अगस्त 15, 2012
For two years Fazalur Rehman and other villagers have been fighting a determined court battle in the Chitral district of northwest Pakistan against the powerful logging industry.
The band of villagers, who live on the fringes of the last remaining cedar forests in Khyber-Pakhtunkhwa province, have been charged under the anti-terrorism act for obstructing deforestation by what they call the ruthless timber “mafia”, working with the government forestry department.
Local villages also allege that law enforcement agencies are bribed to arrest and prosecute anyone disrupting the logging.
Years of illegal logging has destroyed swathes of forests in northwest Pakistan. The country has the highest annual deforestation rate in Asia, leaving it vulnerable to devastating floods.
“We are punished for protecting the forests of Pakistan and raising our voice to the fact that they are felling green trees,” said Rehman from the picturesque alpine village of Ayun. “Every time a case is dropped, new ones are filed.”
The commitment to protect their forests has cost them dearly. “For every trip we make to the court, we spend about Rs.200,000 (US$1,117) in transport, meals, and overnight stays,” said Rehman.
Local struggles find a global platform
Inspector general of forests Syed Mahmud Nasir believes the only effective way to control the logging industry and persuade politicians to pay heed to fast depleting biodiversity is to show them there are “dollars” attached to a mitigation strategy. While the forest dwellers in Ayun have been fighting to stop deforestation at the local level, environmentalists are bringing up the issue in the international arena. Indigenous and scientific knowledge both point to the same fact – forests are carbon sinks and more forest cover is essential for the well-being of the human race.
Environmentalist are advocating for REDD and REDD+ – Reducing Emissions from Deforestations and forest Degradation – a global initiative designed to pay countries to protect forests and reduce greenhouse emissions.
REDD+ tools will help address the governance challenges of protecting forests, argued Nasir, by strengthening laws and allowing more meaningful participation of communities dependent on forests, especially women. It is now mandatory for countries wanting to access international funds to conserve their forests to show that they are involving local forest-based communities in their efforts, and ensuring their livelihoods are safe.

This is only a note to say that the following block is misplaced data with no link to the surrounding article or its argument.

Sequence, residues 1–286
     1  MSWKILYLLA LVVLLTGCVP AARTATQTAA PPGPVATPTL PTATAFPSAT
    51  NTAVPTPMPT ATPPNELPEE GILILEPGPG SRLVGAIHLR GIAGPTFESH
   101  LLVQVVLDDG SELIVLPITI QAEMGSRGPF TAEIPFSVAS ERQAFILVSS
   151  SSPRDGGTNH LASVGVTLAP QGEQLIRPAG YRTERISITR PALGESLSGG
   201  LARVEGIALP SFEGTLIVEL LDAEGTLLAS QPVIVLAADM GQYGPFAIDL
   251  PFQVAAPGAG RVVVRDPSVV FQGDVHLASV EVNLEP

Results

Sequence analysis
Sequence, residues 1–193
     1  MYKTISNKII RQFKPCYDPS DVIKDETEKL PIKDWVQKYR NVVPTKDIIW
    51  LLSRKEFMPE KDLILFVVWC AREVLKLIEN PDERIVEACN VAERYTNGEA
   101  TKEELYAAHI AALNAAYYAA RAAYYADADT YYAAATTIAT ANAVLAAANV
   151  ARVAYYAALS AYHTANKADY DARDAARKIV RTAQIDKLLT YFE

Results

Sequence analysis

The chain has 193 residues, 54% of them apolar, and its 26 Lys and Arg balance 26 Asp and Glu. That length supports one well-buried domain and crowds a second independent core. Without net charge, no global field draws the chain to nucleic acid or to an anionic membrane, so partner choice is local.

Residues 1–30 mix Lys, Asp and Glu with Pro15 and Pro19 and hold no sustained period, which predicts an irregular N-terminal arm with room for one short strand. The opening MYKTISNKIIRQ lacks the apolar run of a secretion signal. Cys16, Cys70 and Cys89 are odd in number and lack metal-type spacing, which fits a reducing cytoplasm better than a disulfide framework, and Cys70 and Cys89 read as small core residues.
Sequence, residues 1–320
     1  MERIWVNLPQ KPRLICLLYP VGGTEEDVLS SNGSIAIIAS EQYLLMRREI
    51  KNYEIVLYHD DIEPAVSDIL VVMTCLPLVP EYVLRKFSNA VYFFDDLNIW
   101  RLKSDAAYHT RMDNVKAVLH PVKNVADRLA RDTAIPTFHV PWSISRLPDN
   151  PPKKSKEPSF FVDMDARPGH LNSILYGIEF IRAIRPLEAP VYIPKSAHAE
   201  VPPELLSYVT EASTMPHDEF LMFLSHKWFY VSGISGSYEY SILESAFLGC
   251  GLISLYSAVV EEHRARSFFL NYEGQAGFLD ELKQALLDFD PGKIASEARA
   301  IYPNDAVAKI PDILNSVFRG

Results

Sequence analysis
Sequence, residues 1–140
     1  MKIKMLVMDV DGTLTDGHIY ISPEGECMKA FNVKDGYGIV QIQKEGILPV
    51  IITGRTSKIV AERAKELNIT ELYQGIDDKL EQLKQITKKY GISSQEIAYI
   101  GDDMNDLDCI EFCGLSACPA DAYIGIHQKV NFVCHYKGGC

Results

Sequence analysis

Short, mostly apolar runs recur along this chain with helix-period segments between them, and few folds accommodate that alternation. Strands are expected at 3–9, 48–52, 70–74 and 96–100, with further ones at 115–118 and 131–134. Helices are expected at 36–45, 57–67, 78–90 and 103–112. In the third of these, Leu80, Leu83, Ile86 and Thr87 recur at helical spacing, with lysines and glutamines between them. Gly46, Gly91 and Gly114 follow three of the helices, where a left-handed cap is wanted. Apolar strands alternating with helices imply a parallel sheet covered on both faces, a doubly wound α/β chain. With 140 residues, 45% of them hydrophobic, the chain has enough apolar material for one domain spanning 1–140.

Having worked in the forestry department for thirty years, Nasir said he is well aware of the problems of corruption. For the last three years he has been preparing a proposal to implement REDD projects and conserve what little is left of the forests in Pakistan, including the ones Rehman and his comrades are fighting for.
Pakistan is among the 12 countries vying for the US$4 million World Bank-led fund operating REDD projects, with the announcement due in the second week of December.
Community participation essential
However, funds alone is no guarantee for success, said Zaffar Pervez Sabri of the Pakistan Poverty Alleviation Fund (PPAF). “The biggest issue is how empowered are the communities themselves,” he told thethirdpole.net. PPAF works with 112 partner organisations in more than 90,000 settlements spread across 120 districts in Pakistan.
Another challenge Pakistan may face, said Sabri, is in the area of carbon finance. “Our experience in certain hydropower projects show that getting the funds is a complex and a cumbersome task.”
In his view, part of the problem lies in the government’s “slow decision-making”. Those leading the REDD+ project may soon find themselves in the same situation.
Ali Tauqeer Sheikh, Asia director of the Climate and Development Knowledge Network (CDKN), has some other reservations too. “I wonder if there are systems already in place and if the policy or these propositions have gone to the parliament and been vetted and validated by the different relevant standing committees? Has the policy been approved by cabinet or explained to the communities or made without their input?”
At home, one of the biggest challenges for conservationists is to get everyone from the country’s four provinces to be on the same page. After the devolution of powers through the 18th constitutional amendment in 2010, forestry became a provincial subject. But for the REDD+ strategy to succeed, it needs acceptance from all.
“Because if we implement it in one province, chances are the loggers would move to another province and the success will come to naught,” explained Nasir. After endless meetings with all the relevant government officials, over the last months, all stakeholders seem to be on board.
Rapidly thinning forests
Pakistan is among 55 countries defined as having low forest cover (less than 10% of land under cover), but is pushing for more support under REDD+ negotiations.
“It is about time REDD+ included the low forest cover countries as well in its scheme of things,” said Nasir. “Pakistan’s forest cover is less than 5% of the total land area,” he added. Internationally even this figure is disputed, with reports claiming it to be as low as 2.1%.
Climate Change Secretary Raja Hassan Abbas has said the federal government will coordinate with and facilitate the provinces to honour the international treaties Pakistan has ratified; the Food and Agricultural Organisation (FAO) also made the right noises of cooperation.
According to reports, WWF has promised to get experts from its organisation in Nepal to conduct training for forest carbon measurements and monitoring. PPAF will also start pilot projects in at least three sites with immediate effect – including the juniper forests in Ziarat, a declared world heritage site, in Balochistan province.